What is Hyperactivity?The individual may experience strong emotional reactions and impulsive behavior. It is common that he may also experience a short attention span. Though an individual may experience hyperactivity on a situation-by-situation basis, it may develop into a disorder when the symptoms become problematic.
Clinical Symptoms of Hyperactivity DisorderAccording to the DSM-IV-TR, to diagnose hyperactive disorder, six or more of the following symptoms of hyperactivity must persist for at least six months to a degree that is maladaptive and inconsistent with developmental level: often fidgets with hands or feet or squirms in seat, often leaves seat in classroom or in other situations in which remaining seated is expected, often runs about or climbs excessively in situations in which it is inappropriate (in adolescents or adults, may be limited to subjective feelings of restlessness), often has difficulty playing or engaging in leisure activities quietly, is often "on the go" or often acts as if "driven by a motor" or often talks excessively.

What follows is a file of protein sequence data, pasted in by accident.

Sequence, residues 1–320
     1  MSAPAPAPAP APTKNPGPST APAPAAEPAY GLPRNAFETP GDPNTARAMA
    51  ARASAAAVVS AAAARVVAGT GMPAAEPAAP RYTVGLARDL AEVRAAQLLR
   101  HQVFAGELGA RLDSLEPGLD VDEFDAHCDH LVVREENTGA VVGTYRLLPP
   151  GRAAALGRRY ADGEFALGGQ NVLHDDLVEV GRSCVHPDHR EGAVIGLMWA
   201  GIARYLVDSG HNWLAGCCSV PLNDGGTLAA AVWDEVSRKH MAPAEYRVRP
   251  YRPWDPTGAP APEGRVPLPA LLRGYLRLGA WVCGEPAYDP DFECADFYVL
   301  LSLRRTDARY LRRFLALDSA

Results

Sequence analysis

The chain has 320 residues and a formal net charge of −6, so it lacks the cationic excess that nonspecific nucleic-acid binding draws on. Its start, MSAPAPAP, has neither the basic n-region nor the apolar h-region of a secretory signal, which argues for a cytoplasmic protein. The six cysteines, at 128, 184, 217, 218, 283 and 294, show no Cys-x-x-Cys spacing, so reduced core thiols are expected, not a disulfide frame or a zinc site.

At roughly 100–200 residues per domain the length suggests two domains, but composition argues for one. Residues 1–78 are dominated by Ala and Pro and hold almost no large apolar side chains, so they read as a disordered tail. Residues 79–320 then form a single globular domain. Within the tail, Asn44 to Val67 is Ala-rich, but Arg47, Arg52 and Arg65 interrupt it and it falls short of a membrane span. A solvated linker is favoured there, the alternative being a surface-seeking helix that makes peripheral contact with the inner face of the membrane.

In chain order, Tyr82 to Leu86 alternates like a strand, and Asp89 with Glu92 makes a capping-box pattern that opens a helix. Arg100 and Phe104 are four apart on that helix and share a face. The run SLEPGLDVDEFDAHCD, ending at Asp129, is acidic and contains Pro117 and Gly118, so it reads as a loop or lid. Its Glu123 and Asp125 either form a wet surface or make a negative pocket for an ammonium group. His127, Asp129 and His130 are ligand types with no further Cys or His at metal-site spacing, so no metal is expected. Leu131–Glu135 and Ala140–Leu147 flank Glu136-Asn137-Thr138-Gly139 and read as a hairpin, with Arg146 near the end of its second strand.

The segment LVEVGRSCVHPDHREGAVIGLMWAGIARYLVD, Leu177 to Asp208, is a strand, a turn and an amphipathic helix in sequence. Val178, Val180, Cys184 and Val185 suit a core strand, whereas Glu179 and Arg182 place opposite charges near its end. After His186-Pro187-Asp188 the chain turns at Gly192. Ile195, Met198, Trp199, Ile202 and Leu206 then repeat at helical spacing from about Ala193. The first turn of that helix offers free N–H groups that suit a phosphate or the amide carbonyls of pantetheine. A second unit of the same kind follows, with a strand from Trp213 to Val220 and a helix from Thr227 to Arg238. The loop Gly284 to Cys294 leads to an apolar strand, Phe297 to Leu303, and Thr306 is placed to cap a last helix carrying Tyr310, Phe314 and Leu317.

Implications of Hyperactivity DisorderSymptoms may cause impairment as early as before age seven and can be maladaptive in two or more settings (e.g. at work, school or home). To assess an individual, there needs to be clear evidence of clinically significant impairment in social, academic or professional functioning.
Primary Physician's RoleWith regard to assessment, the American Academy of Pediatrics provides six guidelines:
The child's primary physician should conduct an evaluation for school-aged children presenting with any of the core ADHD symptoms, academic underachievement or behavior problems. The physician should systematically collect information from parents and teachers regarding core symptoms (using empirically supported ADHD-specific rating scales such as the Conners' Parent Rating Scale).